Is Going Bald a Risk Factor For an Enlarged Prostate?

Going bald prematurely (androgenetic alopecia or male pattern baldness) is disturbing enough for many men, but now researchers say they have confirmed that losing your hair puts you at higher risk for developing an enlarged prostate, or benign prostatic hyperplasia (BPH). Both premature balding and BPH have something in common: a hormone called dihydrotestosterone (DHT).

Androgenetic alopecia, the most common form of baldness, has a hereditary component and progresses when not treated. However, DHT also plays a significant role, because hair loss is associated with the hair follicles’ sensitivity to DHT.

More specifically, the dermal papilla of the hair follicle is responsible for hair growth. The dermal papilla have many androgen receptors, and when DHT connects with these papilla, it interferes with the absorption of nutrients the hair follicles need, which then can result in hair loss. In addition, DHT is associated with miniaturization, which is the progressive shrinking of hair follicles over time.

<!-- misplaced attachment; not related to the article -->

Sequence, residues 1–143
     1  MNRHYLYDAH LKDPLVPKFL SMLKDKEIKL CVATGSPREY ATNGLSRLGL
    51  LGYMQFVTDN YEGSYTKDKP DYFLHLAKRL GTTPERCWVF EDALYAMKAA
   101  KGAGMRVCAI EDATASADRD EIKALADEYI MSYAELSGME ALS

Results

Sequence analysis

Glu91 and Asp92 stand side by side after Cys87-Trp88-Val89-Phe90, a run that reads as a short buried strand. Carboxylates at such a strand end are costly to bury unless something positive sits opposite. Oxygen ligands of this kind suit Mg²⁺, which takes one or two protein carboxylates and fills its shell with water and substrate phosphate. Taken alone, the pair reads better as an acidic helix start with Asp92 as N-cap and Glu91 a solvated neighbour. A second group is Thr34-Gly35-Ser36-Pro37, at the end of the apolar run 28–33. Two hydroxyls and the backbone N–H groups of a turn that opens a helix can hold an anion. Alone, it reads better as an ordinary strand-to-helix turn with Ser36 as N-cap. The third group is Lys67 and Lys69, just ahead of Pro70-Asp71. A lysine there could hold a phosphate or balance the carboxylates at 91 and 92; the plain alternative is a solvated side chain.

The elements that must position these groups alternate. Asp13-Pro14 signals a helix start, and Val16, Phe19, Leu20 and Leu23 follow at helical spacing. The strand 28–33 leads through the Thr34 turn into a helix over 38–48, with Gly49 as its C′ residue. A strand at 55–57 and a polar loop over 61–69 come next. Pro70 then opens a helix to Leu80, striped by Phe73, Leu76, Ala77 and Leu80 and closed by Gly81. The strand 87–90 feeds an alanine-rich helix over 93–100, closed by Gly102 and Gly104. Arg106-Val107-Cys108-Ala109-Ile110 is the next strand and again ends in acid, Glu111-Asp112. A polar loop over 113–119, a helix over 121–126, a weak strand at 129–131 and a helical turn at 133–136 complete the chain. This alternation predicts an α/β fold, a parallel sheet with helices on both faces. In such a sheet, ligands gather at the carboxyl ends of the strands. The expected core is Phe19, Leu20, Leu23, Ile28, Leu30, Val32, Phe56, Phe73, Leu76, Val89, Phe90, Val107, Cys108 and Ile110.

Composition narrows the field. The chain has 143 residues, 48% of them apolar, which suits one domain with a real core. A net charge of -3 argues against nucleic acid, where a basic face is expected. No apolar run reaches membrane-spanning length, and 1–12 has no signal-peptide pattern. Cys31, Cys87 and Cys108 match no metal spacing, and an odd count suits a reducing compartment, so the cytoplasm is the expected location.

Among the causes of and risk factors for BPH is the influence of DHT on the prostate. When an enzyme called 5-alpha-reductase converts testosterone into DHT, the DHT promotes the growth of prostate cells. As men get older, DHT levels in many men rise, and the accumulation of DHT can lead to an enlarged prostate.

Is going bald a risk factor for an enlarged prostate?

In this latest study, which appeared in the Journal of the American Academy of Dermatology, 87 men were evaluated: 45 who had a diagnosis of premature baldness and 42 healthy controls. Investigators measured prostate volume, urinary flow, hormone levels, and the International Index of Erectile Function.

The results led the researchers to confirm a clear relationship between premature balding and an enlarged prostate, and the culprit in both cases is DHT.


Arias-Santiago S et al. Androgenetic alopecia as an early marker of benign prostatic hyperplasia. Journal of the American Academy of Dermatology 2012 Mar; 66(3):401-8

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